Yugoslavia also had a global repute in the domain of culture. It was not only recognized for its artistic attainments but also as a host to many prestigious international festivals such as FEST, Dubrovnik Summer Games, BITEF and others. That's the legacy the world still remembers - and so do all ex-Yugoslav republics.

The "second" Yugoslavia's repute still finds an echo in non-aligned countries, the echo the incumbent foreign minister, Vuk Jeremic, skillfully plays on. He misrepresents himself as Tito's heir and appropriates the policy of non-alignment just to prevent further recognition of Kosovo's independence. He even went so far to present Marshal Tito's uniform to a non-aligned statesman. Not long ago, his speech glorifying non-aligned countries received ovation in Cuba. He was applauded in the same place where Tito had stood up for the last time to protect non-aligned countries from Russia. Milosevic was hiding himself behind Yugoslavia till the end. And that made the sum and substance of his defense before the tribunal in The Hague. Serbia laid claim to Yugoslavia only to realize its territorial claims: ultimately, it ate up the "second" Yugoslavia's capital.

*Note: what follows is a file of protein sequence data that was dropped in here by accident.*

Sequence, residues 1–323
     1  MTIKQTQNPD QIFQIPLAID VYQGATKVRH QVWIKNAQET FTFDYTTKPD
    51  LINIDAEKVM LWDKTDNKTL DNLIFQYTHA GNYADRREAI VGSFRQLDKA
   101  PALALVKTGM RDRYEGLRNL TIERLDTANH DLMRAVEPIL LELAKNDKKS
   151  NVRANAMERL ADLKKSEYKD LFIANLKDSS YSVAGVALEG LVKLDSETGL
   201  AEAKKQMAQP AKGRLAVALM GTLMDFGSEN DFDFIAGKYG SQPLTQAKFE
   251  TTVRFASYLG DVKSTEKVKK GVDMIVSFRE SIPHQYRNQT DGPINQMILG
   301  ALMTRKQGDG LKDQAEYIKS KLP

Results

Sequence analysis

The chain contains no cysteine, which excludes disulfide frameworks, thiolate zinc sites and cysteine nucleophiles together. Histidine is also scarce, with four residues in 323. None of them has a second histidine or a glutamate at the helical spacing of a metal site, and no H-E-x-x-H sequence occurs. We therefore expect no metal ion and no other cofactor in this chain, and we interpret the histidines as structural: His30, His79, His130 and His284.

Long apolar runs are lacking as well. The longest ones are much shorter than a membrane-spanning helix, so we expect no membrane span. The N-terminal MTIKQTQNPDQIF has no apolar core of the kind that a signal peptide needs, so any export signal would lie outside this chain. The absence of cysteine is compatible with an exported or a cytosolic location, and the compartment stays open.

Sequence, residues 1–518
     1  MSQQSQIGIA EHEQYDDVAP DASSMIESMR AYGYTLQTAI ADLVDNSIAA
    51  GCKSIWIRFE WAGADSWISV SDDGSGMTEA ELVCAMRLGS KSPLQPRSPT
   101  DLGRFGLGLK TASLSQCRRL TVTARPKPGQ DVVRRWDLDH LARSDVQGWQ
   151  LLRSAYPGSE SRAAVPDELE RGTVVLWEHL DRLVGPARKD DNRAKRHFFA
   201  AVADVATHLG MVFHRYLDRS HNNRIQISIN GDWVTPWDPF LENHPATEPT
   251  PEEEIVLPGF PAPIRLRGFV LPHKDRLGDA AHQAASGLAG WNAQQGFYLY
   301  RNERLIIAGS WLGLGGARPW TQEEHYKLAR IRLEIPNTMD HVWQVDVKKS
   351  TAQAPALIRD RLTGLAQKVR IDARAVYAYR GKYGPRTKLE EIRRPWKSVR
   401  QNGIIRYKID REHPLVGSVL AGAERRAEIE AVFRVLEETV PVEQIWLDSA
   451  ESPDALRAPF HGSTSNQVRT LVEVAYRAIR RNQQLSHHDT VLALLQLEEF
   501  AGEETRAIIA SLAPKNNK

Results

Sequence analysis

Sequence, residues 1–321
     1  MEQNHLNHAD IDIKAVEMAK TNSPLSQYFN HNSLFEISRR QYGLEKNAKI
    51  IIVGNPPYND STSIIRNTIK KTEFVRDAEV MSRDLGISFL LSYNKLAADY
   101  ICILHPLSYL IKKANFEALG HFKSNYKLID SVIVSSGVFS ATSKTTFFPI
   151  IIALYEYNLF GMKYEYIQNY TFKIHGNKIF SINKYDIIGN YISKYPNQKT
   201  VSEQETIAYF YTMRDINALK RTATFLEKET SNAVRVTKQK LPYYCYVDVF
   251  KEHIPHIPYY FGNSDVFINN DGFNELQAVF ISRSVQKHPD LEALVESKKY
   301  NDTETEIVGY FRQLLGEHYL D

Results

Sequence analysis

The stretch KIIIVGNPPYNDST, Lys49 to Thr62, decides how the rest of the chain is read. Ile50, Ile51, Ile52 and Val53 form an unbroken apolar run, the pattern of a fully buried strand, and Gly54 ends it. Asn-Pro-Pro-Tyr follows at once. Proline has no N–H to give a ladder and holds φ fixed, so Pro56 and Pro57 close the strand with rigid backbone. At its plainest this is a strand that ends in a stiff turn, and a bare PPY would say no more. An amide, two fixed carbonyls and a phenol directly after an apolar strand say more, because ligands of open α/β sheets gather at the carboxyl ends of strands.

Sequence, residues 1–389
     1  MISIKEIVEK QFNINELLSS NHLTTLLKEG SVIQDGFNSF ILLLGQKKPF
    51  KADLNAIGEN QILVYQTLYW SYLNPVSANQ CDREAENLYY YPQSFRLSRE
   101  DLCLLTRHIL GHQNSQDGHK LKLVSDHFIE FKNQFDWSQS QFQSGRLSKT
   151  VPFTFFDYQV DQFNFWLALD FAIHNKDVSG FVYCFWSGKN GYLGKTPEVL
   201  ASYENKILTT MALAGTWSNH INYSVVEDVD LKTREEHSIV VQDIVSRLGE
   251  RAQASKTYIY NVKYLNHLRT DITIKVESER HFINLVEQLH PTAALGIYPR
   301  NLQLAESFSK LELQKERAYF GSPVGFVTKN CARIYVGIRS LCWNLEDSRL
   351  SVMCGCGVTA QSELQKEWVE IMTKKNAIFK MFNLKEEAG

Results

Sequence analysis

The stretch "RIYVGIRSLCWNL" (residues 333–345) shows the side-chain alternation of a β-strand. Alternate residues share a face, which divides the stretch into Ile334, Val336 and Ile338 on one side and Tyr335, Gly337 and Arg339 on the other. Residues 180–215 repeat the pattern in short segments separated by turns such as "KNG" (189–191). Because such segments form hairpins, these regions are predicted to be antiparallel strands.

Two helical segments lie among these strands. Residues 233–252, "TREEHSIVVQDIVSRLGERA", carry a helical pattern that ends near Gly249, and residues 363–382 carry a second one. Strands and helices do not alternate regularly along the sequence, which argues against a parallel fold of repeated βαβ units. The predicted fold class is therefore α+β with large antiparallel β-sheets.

World broadcasters (in Great Britain, France, Germany, etc.) produced special shows to mark the 30th anniversary of Tito's death. As it seems, his figure and deeds are more respected in the world than in the territory of ex-Yugoslavia. Zagreb and Belgrade produced documentary serials that only banalize his person and hardly speak about his significance for the Balkans. Commenting simultaneous airing of the two shows in Belgrade and Zagreb, Dragan Ilic says, "Overt anti-Titoism is a common denominator of the two documentary serials. Moreover, they have in common anti-communism that is being used to veil transitional plunder."

In the search for a new paradigm, the world explores all the concepts, including Marxism. Every era calls for reconsideration of the one preceding it. It would be prudent, therefore, to reconsider the Yugoslav experience: not with the aim of "restoring" Yugoslavia (which it utterly impossible) but to take stock of the experience that is indisputably justified by history and can serve as a compass.